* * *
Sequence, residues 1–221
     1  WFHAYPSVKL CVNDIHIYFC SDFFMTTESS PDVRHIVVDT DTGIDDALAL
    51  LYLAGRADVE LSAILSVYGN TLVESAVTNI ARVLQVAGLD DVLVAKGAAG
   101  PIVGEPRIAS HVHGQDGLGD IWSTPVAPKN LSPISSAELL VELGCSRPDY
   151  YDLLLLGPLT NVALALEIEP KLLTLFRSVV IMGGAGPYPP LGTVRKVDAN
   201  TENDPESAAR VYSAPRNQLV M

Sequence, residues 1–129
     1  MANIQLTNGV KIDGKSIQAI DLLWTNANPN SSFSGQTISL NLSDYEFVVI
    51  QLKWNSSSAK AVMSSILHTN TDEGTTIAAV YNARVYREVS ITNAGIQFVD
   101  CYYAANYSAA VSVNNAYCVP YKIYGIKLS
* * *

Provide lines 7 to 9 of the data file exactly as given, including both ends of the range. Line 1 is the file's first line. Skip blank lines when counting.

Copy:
Sequence, residues 1–129
     1  MANIQLTNGV KIDGKSIQAI DLLWTNANPN SSFSGQTISL NLSDYEFVVI
    51  QLKWNSSSAK AVMSSILHTN TDEGTTIAAV YNARVYREVS ITNAGIQFVD